But as anyone who has already read my blog of 10 days ago  (see Japan NIID Reports 3 Xofluza Resistant Flu Viruses In Untreated Patients) already knows, the story continues to unfold. 
First some excerpts from the latest Eurosurveillance report, and then I'll return with a bit more.

Rapid communication Open Access
Influenza A(H3N2) virus exhibiting reduced susceptibility to baloxavir due to a polymerase acidic subunit I38T substitution detected from a hospitalised child without prior baloxavir treatment, Japan, January 2019
Emi Takashita1, Chiharu Kawakami2, Rie Ogawa1, Hiroko Morita1, Seiichiro Fujisaki1, Masayuki Shirakura1, Hideka Miura1, Kazuya Nakamura1, Noriko Kishida1, Tomoko Kuwahara1, Akira Ota3, Hayato Togashi3, Ayako Saito4, Keiko Mitamura5, Takashi Abe6, Masataka Ichikawa7, Masahiko Yamazaki8, Shinji Watanabe1, Takato Odagiri1
The cap-dependent endonuclease inhibitor baloxavir marboxil became available in Japan in March 2018 for the treatment of influenza virus infection in patients aged 12 years and older and children younger than 12 years weighing at least 10 kg. Between October 2018 and January 2019, baloxavir was supplied to medical institutions that together serve ca 5.5 million people. 
In December 2018, we detected influenza A(H3N2) viruses exhibiting reduced susceptibility to baloxavir from baloxavir-treated children aged 6 and 7 years [1]. These viruses possessed an I38T substitution in the polymerase acidic subunit (PA), which confers reduced susceptibility to baloxavir [2]. We subsequently increased nationwide monitoring of the baloxavir susceptibility of circulating influenza viruses, irrespective of antiviral treatment [3]. 
In January 2019, we isolated two influenza A(H3N2) viruses, A/YOKOHAMA/87/2019 and A/YOKOHAMA/88/2019, from two hospitalised children (Table 1). Prior to hospitalisation and virus isolation, both children had received antiviral treatment against influenza. The primary-school child aged 6 years who was infected with A/YOKOHAMA/87/2019 had been treated with a single oral dose of baloxavir on the day of symptom onset and fever resolved within one day of baloxavir administration. Face oedema had developed 2 days after baloxavir administration, although this patient had no underlying diseases. The child was diagnosed with nephritis and hospitalised.

The preschool child aged 5 years who was infected with A/YOKOHAMA/88/2019 had received oseltamivir 3 days after onset of illness, although its clinical benefit is greatest when administered within 48 hours of illness onset. Fever tended to resolve after oseltamivir administration. This child had no underlying diseases but was subsequently hospitalised for pneumothorax and subcutaneous emphysema. No epidemiological link was identified between these patients.


In this study, we detected two PA I38T mutant A(H3N2) viruses respectively from two hospitalised children. In addition, during our nationwide monitoring, we detected nine PA I38T or I38M mutant A(H3N2) viruses from baloxavir-treated patients (Table 3).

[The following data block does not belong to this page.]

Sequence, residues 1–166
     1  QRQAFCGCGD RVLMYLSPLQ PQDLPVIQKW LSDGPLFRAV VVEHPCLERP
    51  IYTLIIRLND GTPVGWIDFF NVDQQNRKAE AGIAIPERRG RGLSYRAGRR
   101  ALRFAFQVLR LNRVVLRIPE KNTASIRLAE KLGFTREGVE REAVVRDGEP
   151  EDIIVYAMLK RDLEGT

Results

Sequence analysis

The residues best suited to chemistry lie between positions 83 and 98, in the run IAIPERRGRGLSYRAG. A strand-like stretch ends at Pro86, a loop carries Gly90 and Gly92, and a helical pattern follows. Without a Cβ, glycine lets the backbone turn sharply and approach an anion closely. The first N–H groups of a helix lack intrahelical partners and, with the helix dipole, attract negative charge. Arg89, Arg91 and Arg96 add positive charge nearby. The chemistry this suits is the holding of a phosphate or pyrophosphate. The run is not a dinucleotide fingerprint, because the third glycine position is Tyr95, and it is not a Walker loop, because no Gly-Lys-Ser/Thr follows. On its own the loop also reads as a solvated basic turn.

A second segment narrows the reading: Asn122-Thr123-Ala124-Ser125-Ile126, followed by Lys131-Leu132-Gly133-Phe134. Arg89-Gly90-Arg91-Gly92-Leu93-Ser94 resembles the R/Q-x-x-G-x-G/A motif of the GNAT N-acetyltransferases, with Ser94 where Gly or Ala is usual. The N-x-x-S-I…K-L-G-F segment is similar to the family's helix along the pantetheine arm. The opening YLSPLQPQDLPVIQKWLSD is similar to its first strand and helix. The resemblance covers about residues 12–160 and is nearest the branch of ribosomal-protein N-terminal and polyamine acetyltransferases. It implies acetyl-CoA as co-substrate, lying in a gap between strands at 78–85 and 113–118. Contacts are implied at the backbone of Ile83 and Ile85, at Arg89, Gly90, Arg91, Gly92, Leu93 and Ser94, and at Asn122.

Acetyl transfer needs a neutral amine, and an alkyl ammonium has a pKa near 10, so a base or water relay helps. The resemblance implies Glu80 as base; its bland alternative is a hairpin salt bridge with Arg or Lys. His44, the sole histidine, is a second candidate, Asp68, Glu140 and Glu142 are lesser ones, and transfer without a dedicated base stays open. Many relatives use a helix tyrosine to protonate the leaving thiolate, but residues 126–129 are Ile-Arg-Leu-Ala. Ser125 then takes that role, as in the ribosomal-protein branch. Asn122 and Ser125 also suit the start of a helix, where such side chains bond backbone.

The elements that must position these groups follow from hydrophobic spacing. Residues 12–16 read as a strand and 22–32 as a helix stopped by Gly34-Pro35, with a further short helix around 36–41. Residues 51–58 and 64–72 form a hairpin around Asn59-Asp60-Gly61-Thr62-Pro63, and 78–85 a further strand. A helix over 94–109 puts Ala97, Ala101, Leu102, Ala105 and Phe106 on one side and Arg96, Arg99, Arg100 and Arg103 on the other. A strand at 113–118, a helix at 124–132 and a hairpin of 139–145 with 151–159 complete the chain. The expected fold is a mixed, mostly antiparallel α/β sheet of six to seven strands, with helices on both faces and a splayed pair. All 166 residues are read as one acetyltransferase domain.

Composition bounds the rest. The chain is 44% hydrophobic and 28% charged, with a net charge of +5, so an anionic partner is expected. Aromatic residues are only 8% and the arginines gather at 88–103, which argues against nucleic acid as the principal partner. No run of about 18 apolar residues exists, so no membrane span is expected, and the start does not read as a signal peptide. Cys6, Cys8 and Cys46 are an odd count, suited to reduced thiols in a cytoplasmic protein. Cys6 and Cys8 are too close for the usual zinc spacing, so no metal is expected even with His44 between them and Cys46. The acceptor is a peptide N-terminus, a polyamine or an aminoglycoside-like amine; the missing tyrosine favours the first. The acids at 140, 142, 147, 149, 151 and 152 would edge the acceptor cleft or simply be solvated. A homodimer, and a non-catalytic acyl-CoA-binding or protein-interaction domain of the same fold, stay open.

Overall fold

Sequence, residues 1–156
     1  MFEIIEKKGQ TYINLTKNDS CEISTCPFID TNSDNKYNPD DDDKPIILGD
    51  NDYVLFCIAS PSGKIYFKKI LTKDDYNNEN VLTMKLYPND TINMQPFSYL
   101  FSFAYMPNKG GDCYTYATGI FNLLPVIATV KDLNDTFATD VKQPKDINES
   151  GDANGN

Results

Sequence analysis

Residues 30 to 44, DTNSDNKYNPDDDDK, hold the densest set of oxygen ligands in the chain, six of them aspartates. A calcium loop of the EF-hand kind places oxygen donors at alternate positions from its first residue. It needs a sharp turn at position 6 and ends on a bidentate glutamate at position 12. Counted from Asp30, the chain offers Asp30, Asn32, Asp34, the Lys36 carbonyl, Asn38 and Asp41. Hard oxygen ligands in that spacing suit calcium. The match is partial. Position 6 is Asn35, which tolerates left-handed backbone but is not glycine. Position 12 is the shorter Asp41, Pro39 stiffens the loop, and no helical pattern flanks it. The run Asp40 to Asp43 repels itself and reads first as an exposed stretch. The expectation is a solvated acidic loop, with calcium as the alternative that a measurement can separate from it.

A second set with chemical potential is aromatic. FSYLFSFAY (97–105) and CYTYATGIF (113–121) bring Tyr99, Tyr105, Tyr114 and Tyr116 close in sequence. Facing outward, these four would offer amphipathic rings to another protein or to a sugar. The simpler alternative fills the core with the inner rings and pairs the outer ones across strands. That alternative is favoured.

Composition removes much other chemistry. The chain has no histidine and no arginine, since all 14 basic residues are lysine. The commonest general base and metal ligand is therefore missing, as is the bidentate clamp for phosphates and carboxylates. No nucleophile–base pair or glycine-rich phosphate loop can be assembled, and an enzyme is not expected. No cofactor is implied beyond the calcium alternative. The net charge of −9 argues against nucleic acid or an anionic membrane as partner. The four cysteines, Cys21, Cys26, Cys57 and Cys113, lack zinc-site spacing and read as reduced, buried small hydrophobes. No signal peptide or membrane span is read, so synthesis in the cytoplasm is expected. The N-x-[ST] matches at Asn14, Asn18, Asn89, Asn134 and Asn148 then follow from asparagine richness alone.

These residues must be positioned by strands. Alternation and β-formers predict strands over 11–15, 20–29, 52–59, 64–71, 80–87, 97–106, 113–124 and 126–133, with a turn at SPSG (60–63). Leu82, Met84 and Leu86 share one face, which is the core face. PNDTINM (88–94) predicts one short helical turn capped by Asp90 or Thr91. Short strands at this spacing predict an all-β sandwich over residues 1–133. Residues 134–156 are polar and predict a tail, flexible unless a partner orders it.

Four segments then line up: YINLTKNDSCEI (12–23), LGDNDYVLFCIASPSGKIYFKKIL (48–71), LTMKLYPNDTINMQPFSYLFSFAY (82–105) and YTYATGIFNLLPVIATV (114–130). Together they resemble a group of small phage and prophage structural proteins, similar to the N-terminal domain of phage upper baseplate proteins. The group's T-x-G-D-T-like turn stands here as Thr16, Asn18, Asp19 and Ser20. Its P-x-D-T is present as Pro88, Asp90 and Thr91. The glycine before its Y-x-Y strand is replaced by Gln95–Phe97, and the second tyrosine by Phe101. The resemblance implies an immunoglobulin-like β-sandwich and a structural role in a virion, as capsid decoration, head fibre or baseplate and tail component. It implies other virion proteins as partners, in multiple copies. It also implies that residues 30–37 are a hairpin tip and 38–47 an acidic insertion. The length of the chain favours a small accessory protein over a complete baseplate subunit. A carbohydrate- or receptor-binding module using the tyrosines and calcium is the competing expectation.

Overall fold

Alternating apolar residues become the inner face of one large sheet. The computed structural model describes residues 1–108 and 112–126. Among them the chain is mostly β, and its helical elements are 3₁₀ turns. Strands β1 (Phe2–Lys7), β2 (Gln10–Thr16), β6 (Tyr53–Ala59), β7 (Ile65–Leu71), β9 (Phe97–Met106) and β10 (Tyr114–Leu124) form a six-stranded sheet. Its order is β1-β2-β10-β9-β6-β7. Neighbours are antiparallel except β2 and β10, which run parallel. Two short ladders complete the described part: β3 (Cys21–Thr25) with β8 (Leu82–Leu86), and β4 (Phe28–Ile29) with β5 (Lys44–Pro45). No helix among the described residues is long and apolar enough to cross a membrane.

All of these viruses were isolated in humanised MDCK cells, hCK cells, which express high levels of α2, 6-sialoglycans and very low levels of α2, 3-sialoglycans [6]. Deep sequencing analysis revealed that eight of these viruses possessed mixed PA I38T/I or I38T/M/I substitutions in the clinical specimens and six of these eight possessed increased proportion of the PA I38T or I38M substitution after virus isolation.
A previous study reported that influenza A/Victoria/3/75(H3N2) viruses with the PA I38T, I38M, or I38F substitutions showed less growth capability than the wild-type virus in cell culture [2]. In contrast, our results indicate that recently circulating A(H3N2) viruses with the PA I38T or I38M substitution grow well, at least in cell culture.
(Continue . . . )

As mentioned earlier, 10 days ago Japan's National Institute of Infectious Diseases (NIID) published a bulletin which described two additional non-baloxavir-treated cases discovered to carry the H3N2 PA138T resistance mutation.

A slightly syntax-challenged translated excerpt from a much longer report follows:

Detection of Valoxavir-Resistant Mutant Virus from Patients Untreated with the Novel Anti-Influenza Drug Valoxavir
(The bulletin publication date 2019/3/12)

In this paper, we report that 3 strains of valoxavir resistant mutant virus were detected from 3 patients who did not receive valoxavir by analysis of A (H3N2) virus collected from November 2018 to February 2019.

The PA I 38 T resistant mutant virus (A / triple / 41/2018) was detected in a 12-year-old child at the Mie Prefectural Institute of Public Health and Environment in November 2018. In a sporadic case, the patient consulted a medical institution the day after the onset of illness and was diagnosed with influenza. The patient had not received anti-influenza medication prior to collection of the sample, and had not received valoxavir.

PA I38T resistant mutant virus (A / Yokohama / 88/2019 and A / Yokohama / 87/2019) are from the children aged 5 and 6 who are hospitalized with influenza at Yokohama City Inst. Of Health in January 2019 was detected.